NEW YORK — Stocks rose for a fourth day today after China renewed Google Inc.’s license to operate in the country.
The Dow Jones industrial average rose about 35 points in morning trading after posting its biggest three-day advance since mid-May.
The renewal of Google’s license was in doubt because of a strained relationship between the company and China’s government over censorship of search results. Google rose 2 percent in morning trading.
News on the economy wasn’t as upbeat. Inventories held by wholesalers rose in May for a fifth straight month although sales dropped for the first time in more than a year. The government said wholesale inventories increased 0.5 percent and sales dropped 0.3 percent. It was the first drop since March 2009, when major stock indexes hit a 12-year low.
The moderate buying came as investors prepared for earnings reports that start next week. Traders often avoid making big bets just before earnings releases because the reports provide a good picture of how companies are performing. Forecasts for future growth will be scrutinized because disappointing economic reports in recent months have called into question the pace of a recovery.
Investors will want to know whether companies are feeling the effects of slower growth and whether corporations believe the recovery will gain momentum in the coming months. Stocks consistently fell over the past couple of months because data showed the economy was growing, but not as fast as had been forecast.
Earnings season kicks off with aluminum producer Alcoa Inc. on Monday. Other companies scheduled to release results next week include banking giants JPMorgan Chase & Co. and Bank of America Corp. General Electric Co. and chipmaker Intel Corp. are also scheduled to report earnings next week.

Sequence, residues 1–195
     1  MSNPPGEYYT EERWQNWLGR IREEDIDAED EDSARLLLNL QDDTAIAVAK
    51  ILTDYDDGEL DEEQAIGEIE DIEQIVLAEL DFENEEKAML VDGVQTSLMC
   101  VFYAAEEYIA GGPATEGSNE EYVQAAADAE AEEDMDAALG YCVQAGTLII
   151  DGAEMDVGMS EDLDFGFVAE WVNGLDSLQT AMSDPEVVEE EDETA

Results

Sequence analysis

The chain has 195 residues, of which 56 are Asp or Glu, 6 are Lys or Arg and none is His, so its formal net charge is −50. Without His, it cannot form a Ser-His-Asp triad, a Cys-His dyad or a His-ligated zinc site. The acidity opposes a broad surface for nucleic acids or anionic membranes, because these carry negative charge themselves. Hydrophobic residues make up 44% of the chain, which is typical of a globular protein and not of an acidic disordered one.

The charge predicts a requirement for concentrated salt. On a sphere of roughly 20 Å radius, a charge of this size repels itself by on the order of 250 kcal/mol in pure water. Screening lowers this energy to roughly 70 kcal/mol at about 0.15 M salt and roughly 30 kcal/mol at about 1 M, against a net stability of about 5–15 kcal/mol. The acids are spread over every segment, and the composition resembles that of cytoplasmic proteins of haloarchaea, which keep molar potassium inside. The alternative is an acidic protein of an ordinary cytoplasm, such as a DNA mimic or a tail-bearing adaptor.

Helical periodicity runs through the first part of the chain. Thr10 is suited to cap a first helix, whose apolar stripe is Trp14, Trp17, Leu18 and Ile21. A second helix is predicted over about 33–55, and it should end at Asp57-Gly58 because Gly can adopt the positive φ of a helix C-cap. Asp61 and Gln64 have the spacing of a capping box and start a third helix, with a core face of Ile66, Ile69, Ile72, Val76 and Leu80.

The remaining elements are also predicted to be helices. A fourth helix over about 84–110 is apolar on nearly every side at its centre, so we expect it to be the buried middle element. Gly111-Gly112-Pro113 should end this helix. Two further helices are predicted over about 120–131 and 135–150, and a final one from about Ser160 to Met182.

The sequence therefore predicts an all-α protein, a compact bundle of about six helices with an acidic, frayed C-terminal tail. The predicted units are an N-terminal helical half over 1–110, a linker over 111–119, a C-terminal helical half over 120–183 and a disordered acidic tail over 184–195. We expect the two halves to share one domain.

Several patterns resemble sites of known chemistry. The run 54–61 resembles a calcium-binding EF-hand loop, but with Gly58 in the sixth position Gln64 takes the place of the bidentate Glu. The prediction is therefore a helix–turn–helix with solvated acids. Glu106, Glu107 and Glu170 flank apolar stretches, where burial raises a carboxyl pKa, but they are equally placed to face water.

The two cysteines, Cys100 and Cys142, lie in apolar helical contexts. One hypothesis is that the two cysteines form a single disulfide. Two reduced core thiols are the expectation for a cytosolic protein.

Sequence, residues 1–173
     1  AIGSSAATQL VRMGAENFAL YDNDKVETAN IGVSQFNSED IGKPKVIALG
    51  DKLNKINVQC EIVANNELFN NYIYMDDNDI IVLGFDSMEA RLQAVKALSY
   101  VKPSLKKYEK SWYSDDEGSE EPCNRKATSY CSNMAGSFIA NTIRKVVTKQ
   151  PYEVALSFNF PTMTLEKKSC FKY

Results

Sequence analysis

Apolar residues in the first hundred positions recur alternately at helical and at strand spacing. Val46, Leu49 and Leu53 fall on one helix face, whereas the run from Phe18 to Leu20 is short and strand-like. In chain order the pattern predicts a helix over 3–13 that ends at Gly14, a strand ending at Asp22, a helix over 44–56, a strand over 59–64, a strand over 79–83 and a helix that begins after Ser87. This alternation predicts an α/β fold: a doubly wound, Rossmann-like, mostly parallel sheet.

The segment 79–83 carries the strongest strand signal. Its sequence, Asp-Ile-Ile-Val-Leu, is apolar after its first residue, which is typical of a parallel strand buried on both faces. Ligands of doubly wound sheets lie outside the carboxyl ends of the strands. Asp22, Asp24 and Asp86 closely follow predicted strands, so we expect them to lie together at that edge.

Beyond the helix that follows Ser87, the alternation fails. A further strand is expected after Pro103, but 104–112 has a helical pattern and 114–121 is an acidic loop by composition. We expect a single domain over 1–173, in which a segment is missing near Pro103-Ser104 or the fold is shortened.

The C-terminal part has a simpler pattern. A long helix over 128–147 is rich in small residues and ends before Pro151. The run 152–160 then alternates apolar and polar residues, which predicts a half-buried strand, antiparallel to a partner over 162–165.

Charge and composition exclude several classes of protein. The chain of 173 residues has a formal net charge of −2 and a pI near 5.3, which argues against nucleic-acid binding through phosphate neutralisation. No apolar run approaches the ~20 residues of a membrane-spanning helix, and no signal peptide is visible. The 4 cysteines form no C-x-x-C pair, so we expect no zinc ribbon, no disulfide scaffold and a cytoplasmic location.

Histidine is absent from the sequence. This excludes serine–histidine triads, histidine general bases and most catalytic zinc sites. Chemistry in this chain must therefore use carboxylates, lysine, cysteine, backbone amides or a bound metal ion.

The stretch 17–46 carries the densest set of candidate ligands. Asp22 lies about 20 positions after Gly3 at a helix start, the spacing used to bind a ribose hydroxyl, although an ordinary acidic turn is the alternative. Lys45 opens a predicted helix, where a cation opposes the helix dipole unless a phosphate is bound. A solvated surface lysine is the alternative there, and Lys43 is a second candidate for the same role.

Overseas markets rose after a surprise interest rate hike in South Korea was seen as a sign of confidence that the global economy will continue expand. Central banks around the world, including the U.S., have kept rates at historically low rates to stimulate growth.
In midmorning trading, the Dow rose 37.16, or 0.4 percent, to 10,176.15. The Standard & Poor’s 500 index rose 4.74, or 0.4 percent, to 1,074.99, while the Nasdaq composite index rose 10.89, or 0.5 percent, to 2,186.29.
Stocks jumped for a third straight day yesterday after a better-than-expected report on weekly jobless claims. Weak employment reports over the past two months had often sent stocks lower, so the steep drop in claims for unemployment benefits was a welcome sign that maybe significant job growth could occur this year.
The Dow rose nearly 121 points yesterday and is up nearly 5 percent for the holiday-shortened week.
Bond prices traded in a tight range. The yield on the benchmark 10-year Treasury note, which moves opposite its price, was unchanged at 3.04 percent compared with late yesterday.
Google rose $9.41, or 2.1 percent, to $465.97.
Two stocks rose for every one that fell on the New York Stock Exchange on the New York Stock Exchange, where volume came to 157 million shares.
The Russell 2000 index of smaller companies rose 3.28, or 0.5 percent, to 623.55.
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